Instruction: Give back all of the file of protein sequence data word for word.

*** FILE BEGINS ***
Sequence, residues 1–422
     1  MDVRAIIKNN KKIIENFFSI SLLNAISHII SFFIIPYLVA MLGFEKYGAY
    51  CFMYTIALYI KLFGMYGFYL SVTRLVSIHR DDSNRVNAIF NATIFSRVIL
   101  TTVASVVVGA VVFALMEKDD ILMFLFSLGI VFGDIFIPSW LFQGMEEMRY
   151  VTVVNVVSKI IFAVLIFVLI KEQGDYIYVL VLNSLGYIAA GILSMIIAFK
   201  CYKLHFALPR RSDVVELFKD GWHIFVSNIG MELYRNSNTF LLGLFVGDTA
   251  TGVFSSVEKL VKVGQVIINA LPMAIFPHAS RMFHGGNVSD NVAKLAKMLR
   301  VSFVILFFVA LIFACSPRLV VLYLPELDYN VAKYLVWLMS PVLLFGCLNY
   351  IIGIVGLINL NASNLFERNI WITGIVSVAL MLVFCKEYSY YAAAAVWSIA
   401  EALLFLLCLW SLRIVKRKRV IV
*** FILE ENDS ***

Sequence, residues 1–422
     1  MDVRAIIKNN KKIIENFFSI SLLNAISHII SFFIIPYLVA MLGFEKYGAY
    51  CFMYTIALYI KLFGMYGFYL SVTRLVSIHR DDSNRVNAIF NATIFSRVIL
   101  TTVASVVVGA VVFALMEKDD ILMFLFSLGI VFGDIFIPSW LFQGMEEMRY
   151  VTVVNVVSKI IFAVLIFVLI KEQGDYIYVL VLNSLGYIAA GILSMIIAFK
   201  CYKLHFALPR RSDVVELFKD GWHIFVSNIG MELYRNSNTF LLGLFVGDTA
   251  TGVFSSVEKL VKVGQVIINA LPMAIFPHAS RMFHGGNVSD NVAKLAKMLR
   301  VSFVILFFVA LIFACSPRLV VLYLPELDYN VAKYLVWLMS PVLLFGCLNY
   351  IIGIVGLINL NASNLFERNI WITGIVSVAL MLVFCKEYSY YAAAAVWSIA
   401  EALLFLLCLW SLRIVKRKRV IV